Paula Ramon –
Brazil is firing from all barrels to stop a yellow fever surge that has already killed dozens, but with vaccines short, the ammunition is already running out. Hundreds of frustrated and increasingly worried people have been lining up outside medical centres in Sao Paulo over recent weeks in hopes of getting their vaccination — some getting treated and others to be told that none was available.
Authorities in Brazil’s most populous state, with 45 million residents, are trying to make up for the shortfall by distributing partial doses.
The potentially fatal virus, which is transmitted by mosquitoes, is common in Brazil, but the scope this year has taken authorities by surprise in Sao Paulo, while tension is also rising in Rio de Janeiro and Minas Gerais states.
Last year, there was a total of 53 cases, with 16 deaths, in Sao Paulo. By comparison, there have been 134 cases with 52 fatalities here in the first three weeks of January alone.
Brazilian authorities aim to vaccinate almost 22 million people, according to the World Health Organization. However, with vaccines in short supply, 16.5 million of them will be given only partial doses.
Officials say these so-called “fractionated doses” will work for up to eight years, while the full dose lasts a lifetime.
“We are distributing the fractionated doses because of the risk of not having any vaccines,” said Marcos Boulos, disease control coordinator for Sao Paulo state.
Brazil’s Health Minister, Ricardo Barros, says the situation is under control. “We could vaccinate all Brazilians in 60 days if needed,” he said.
That doesn’t reassure people waiting hours outside vaccination centres or showing up to find signs posted with “No vaccines available.”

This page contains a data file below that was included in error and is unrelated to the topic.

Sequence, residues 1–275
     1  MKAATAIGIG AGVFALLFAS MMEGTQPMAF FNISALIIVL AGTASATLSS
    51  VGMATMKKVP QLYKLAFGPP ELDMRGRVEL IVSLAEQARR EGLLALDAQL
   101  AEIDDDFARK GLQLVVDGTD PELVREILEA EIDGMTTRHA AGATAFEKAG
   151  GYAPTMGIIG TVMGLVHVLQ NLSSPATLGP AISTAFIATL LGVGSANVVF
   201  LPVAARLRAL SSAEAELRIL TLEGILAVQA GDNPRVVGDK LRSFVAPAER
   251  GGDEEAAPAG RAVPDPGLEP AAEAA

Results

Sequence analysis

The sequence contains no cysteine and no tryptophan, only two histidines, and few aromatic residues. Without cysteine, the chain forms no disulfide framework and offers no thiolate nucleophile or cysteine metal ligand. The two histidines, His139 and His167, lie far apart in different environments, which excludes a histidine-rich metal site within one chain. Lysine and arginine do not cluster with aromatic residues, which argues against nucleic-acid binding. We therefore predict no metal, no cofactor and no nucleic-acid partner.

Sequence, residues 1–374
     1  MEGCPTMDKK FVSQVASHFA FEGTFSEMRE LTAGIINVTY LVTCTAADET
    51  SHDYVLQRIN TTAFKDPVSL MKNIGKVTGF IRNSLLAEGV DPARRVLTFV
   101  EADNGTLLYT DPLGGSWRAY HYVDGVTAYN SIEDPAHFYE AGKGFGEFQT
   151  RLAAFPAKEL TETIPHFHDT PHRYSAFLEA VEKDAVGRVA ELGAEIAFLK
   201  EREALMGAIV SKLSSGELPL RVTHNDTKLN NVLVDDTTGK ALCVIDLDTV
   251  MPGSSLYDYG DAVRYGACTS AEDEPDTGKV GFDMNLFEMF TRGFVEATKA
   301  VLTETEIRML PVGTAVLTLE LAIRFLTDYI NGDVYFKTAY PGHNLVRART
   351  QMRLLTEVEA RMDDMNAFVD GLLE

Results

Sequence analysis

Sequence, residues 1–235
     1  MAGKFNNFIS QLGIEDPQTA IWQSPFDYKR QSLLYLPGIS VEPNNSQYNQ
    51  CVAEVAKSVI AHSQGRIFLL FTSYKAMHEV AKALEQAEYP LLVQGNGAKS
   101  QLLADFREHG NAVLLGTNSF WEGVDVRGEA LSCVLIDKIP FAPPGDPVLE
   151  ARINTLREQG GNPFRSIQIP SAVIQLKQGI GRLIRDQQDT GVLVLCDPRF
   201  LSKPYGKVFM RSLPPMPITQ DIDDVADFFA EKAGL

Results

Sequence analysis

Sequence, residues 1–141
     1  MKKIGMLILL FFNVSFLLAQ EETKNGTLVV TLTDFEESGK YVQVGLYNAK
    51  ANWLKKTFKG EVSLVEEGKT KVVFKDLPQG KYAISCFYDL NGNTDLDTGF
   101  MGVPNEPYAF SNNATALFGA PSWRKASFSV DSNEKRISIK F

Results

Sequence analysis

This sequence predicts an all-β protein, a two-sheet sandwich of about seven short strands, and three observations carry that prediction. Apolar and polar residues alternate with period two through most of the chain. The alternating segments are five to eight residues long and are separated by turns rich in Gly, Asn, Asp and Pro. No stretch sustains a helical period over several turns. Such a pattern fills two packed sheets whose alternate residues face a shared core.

“We are worried because we haven’t managed to get vaccinated,” said Maria Pereira, a 33-year-old secretary, who was scouring private clinics in Sao Paulo, where a dose costs about $60, rather than free of charge from public providers.
Sao Paulo, which is the biggest city in Latin America, first got the jitters back in October when two monkeys were found dead with the virus in a city park.
Since then, more than 60 monkeys have been found dead, some of them apparently killed by city residents who mistakenly fear the animals will help spread the virus.
In response, the Sao Carlos Ecological Park in Sao Paulo has adopted two orphaned baby monkeys and launched a campaign under the #freemacaco hashtag to appeal for the animals to be protected.
The phenomenon has been repeated in Rio de Janeiro to an even greater extent, with 131 monkeys found dead so far this year, according to the Rio state health secretary — 69 per cent of them killed by people.
Sao Paulo health authorities have focused vaccination programmes on neighbourhoods near the Botanical Garden and zoos, which were all closed a week ago and where monkeys are present.
Some fear that transmission of the virus could expand from its basic rural form in Latin America — from mosquitoes to monkeys — to an urban cycle where mosquitoes carry yellow fever from one infected human to another.
Where large parts of the population do not have immunity from vaccination, the chances of an epidemic then grow exponentially.
Marcos Boulos, with the Sao Paulo health authorities, says the appearance of yellow fever appearing unexpectedly in city centres is “something not seen before”.
However, there is “no indication” that conditions are in place for an urbanisation of the virus, says Barros.
Andre Siqueira, from the National Infectious Diseases Institute, said “this should be a concern for the authorities,” but agrees that “there is no evidence of urban yellow fever.” — AFP
Paula Ramon –